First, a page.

This young woman has become a successful chef at a five-star hotel after having her hands chopped off by an armed gang who also murdered her uncle when she was just 11 years old.
Maricel Apatan, 28, is a true example of perseverance in the face of life’s most difficult challenges.
When she was aged just 11, Apatan and her uncle were attacked by four armed men on their way to fetch water from a nearby well.
She never knew why they were attacked but the two were instructed to lie down on the ground, and Apatan’s uncle was killed by one of the men who slashed his neck with a machete.
Apatan started running for her life when she saw what they planned for her, but was quickly chased by the men and caught.
She said she screamed “don’t kill me! Have mercy on me!”
But her pleas were in vain and she was stabbed in the neck and lost consciousness.
Apatan’s hands were then chopped off as she was lying unconscious on the ground.
When she came round, she remained motionless and pretended to be dead until the men left, after which she started running, losing consciousness several times on her way home.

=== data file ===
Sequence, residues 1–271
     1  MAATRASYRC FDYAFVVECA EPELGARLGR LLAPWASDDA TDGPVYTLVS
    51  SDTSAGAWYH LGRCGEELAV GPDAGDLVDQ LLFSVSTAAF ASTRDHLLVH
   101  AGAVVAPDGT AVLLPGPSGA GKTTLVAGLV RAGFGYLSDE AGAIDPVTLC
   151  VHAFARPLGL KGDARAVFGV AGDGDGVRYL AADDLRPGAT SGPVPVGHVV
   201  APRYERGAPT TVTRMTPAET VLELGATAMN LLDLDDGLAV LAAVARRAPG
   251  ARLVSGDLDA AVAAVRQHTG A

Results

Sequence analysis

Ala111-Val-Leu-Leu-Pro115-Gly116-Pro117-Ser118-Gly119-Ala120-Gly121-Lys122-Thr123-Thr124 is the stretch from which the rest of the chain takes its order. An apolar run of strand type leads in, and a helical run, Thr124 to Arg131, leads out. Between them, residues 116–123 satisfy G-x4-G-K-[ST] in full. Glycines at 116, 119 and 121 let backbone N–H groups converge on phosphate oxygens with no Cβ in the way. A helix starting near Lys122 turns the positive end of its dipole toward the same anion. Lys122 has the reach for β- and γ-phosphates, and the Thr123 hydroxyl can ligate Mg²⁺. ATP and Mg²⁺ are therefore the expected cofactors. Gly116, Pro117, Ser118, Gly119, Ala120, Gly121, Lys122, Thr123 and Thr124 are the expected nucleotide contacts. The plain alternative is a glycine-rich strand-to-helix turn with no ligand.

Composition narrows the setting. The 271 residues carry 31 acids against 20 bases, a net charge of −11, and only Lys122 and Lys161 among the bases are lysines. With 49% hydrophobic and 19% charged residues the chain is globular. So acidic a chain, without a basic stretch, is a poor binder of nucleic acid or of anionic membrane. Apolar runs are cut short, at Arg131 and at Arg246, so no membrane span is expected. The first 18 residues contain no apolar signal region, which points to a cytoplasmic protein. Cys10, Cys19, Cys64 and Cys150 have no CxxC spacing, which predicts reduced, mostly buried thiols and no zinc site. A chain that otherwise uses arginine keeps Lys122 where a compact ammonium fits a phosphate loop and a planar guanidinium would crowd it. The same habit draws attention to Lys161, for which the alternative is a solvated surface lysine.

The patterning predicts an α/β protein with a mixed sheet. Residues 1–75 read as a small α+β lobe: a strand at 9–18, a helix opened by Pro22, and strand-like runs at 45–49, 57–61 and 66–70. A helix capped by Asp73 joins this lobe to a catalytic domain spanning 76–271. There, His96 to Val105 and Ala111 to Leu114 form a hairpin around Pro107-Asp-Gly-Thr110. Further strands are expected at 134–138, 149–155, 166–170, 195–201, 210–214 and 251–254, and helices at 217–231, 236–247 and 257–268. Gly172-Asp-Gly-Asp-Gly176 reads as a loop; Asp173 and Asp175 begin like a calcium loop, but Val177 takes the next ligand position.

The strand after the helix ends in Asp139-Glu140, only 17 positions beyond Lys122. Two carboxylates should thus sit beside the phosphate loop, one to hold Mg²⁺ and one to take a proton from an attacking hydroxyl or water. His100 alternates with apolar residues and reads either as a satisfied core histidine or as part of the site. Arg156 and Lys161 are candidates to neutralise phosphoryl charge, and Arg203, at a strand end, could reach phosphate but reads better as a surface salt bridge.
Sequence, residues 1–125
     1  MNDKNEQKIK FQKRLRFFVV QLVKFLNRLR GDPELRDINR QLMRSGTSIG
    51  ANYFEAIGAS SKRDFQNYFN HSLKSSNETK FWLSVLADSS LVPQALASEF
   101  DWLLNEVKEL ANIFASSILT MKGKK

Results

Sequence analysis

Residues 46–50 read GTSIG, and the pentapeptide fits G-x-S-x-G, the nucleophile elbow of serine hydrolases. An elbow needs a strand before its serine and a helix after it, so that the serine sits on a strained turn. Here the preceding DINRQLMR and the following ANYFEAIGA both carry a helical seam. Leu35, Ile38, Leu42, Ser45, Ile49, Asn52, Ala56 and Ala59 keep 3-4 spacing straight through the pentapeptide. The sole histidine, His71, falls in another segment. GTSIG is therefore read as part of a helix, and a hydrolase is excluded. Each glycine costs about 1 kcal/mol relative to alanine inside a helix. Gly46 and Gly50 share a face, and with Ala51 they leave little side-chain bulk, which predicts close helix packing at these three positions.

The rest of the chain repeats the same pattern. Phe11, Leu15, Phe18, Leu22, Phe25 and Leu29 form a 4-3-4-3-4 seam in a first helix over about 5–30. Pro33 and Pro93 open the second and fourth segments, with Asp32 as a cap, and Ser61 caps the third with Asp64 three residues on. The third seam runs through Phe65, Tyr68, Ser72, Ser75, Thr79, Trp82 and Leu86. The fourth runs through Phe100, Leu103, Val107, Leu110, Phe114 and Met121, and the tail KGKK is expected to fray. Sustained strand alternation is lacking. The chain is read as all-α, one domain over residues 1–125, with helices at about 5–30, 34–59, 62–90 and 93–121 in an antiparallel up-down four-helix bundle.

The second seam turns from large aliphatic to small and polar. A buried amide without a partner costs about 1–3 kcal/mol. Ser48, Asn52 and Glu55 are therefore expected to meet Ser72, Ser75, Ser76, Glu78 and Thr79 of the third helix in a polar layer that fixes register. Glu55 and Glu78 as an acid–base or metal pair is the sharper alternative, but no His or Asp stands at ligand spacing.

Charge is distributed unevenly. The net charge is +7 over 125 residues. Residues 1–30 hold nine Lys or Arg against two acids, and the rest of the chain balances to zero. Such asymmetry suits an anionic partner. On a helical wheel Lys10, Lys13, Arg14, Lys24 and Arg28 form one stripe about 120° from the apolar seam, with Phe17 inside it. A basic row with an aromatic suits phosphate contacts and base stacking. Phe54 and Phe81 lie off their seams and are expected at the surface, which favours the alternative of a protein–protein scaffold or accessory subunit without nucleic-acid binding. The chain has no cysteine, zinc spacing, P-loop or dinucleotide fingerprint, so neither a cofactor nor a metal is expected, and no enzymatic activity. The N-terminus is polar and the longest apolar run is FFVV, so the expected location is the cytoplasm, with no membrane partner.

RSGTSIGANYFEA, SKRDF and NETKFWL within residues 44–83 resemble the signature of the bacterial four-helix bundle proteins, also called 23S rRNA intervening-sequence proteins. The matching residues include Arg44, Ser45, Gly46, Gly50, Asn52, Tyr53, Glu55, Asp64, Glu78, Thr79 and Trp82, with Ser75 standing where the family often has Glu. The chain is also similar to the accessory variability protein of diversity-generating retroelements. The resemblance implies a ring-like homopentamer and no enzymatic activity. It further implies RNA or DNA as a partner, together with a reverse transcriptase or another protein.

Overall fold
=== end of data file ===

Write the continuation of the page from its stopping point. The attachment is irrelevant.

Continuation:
Apatan’s horror-stricken mother immediately rushed her to the hospital, where doctors said she would not make, it but they proceeded with a five-hour long operation anyway which stabilised Marciel’s condition.
Against all the odds, the girl miraculously survived, but was left with no hands.
In the following years, Apatan was completely dependent on her mother and her life was made increasingly difficult, especially at school where classmates used to tease her and she would cry all the time.
Despite all the challenges, Apatan managed to make continuous progress throughout the years with the help of many.
In 2008, she graduated with a degree in Hotel and Restaurant Management and began her career as a chef. She said: “I have really enjoyed cooking since I was seven years old.”
Today, Apatan works as a chef in the Edsa Shangri-La five-star hotel in the Philippine capital Manila where she gracefully works her magic preparing beautiful dishes for guests.
She holds the knife between her torso and her wrist to cut vegetables and rarely asks for help. One of her colleagues, Aljamil Borja, said: “She asks for assistance only if she needs to move a hot kettle or large saucepan from the stove or open slippery bottle caps.”
According to Apatan, her trust in God helped her become more determined in striving to have a normal life. She added: “I believed I had an important mission in life because I survived the attack.”
Apatan’s story continues to inspire many to persevere in challenging times and go after their dreams no matter what.
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